While it was thought the school was on the right track in 2010 when the country promulgated the Constitution, the population dropped by nearly half in the subsequent four years as only 160 students remained behind.
A team of old students then visited the school intending to help its revival led by Mr Abdirizack Ali, an engineer and Dr Njoroge Kamuri.
Although the population has been reducing in the past decade, there has been a slight improvement in performance with the school recorded a mean grade of 3 points in 2017, up from 2.3 points in 2016.
However, officials say, most of the students from the local pastoral communities continued to drop out of school due to lack of fees.
Residents and local leaders at one point demanded the transfer of a non-local principal, whom they accused of mismanagement and who was blamed for the school troubles, only for the performance to further worsen after a local took the reins. That principal was replaced.
Education officials say the performance is now gradually improving and believe with continued support the school could reclaim its national stature. That however, could take some years.
Boosted the enrolment
Six out of the 20 candidates who sat the KCSE exam at the school in 2018 scored C+ and above. The school then had a population of 86 students.
Isiolo South MP Abdi Koropu has supported learners at the school by paying their fees through the NG-CDF which has immensely boosted the enrolment.
“The support by the MP has helped a lot of pupils from poor families who would have dropped out of school after Class eight,” says Mr Hussein Guyo, 60.
The resident said the revival of the school that sits on more than five acres requires concerted effort from all and that “all hope is not gone”.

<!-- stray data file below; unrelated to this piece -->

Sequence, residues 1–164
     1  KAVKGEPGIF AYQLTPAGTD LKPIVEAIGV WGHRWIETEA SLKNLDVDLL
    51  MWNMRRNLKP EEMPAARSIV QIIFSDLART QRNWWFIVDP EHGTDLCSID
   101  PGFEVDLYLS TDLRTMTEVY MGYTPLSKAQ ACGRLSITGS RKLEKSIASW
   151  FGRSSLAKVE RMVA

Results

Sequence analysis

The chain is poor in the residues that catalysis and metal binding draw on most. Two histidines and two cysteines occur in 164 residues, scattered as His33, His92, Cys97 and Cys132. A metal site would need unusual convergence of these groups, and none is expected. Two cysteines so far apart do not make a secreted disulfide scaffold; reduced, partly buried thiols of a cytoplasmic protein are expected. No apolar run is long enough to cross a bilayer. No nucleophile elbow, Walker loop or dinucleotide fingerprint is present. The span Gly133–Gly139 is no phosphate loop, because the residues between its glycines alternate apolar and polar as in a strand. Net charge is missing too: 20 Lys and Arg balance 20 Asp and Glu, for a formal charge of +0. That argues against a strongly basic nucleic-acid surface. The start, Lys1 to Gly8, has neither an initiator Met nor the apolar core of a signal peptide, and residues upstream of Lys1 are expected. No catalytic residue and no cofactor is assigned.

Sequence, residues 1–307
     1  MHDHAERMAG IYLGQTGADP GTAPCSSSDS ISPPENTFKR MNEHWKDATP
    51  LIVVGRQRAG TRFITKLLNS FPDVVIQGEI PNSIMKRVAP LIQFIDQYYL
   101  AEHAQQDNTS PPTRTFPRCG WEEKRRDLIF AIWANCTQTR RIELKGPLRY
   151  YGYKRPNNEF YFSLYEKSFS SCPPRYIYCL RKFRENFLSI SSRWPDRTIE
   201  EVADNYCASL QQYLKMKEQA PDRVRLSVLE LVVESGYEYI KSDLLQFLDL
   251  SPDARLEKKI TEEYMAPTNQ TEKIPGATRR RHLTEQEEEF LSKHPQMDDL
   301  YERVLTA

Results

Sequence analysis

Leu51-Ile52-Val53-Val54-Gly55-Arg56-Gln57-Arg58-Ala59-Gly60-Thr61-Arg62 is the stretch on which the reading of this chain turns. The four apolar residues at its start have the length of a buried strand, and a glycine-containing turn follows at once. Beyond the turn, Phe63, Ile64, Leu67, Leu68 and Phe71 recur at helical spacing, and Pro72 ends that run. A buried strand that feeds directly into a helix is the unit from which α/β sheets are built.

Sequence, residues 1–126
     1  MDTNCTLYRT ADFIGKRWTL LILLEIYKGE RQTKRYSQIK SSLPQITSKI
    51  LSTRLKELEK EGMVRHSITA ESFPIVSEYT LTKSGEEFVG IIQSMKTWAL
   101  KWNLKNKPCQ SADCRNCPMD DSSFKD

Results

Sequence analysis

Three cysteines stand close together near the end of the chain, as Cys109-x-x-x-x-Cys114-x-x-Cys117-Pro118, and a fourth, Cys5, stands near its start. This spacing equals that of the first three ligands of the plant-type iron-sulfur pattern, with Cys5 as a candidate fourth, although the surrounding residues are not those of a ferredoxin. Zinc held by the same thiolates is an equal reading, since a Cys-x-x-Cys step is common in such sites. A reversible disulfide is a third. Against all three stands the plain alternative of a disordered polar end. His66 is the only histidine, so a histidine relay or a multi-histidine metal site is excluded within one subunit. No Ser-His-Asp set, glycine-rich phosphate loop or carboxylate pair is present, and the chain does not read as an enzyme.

Isiolo County Director of Education Hussein Koriyow said there has been tremendous performance improvement and that the government was committed to supporting the school.
Dr Koriyow said in the past two years, the school population had grown from 86 to 141, including 22 candidates expected to sit KCSE exams next month.
“The school is picking up well and unlike before when they were picking pupils with lower marks in KCPE, they are now admitting those with 250 marks and above. The school has students from neighbouring and coastal counties,” Dr Koriyow told the Nation.
On a visit to the school, which is a few metres past the Garbatulla Sub-County Hospital and opposite the stalled Sh48 million TVET centre, a newly painted administration block on the right provides a glimpse of hope that soon the school could shine like it used to over 20 years ago.
However, a tug of war between the community and the sponsor over its management still poses a huge challenge to the school’s progress.
During a recent assessment of the school, Public Works Principal Secretary Gordon Kihalangwa asked the education officials to find out why parents were not taking their children there, saying it was worrying that the school that used to top nationally had a mean grade of 4.8 points in 2019.
Mr Kihalangwa, who was accompanied by five other PSs, called for joint efforts from all to ensure the school gets more learners to reclaim its good name.
“We will escalate the challenges to the Ministry of Education for relevant action,” he promised.
Senator Dullo recently called for an overhaul of the school management, blaming it for the current woes and saying it was sad students from the county were going to schools in other counties whereas the school was well equipped.
“The government has injected a lot of funds in the school and the major challenge has been the tug of war between the church and the teachers’ employer. It is unfortunate that locals have shunned the school with such good facilities,” said Ms Dullo.
The school targets to raise the previous mean grade from 4.8 points to 7 points this year.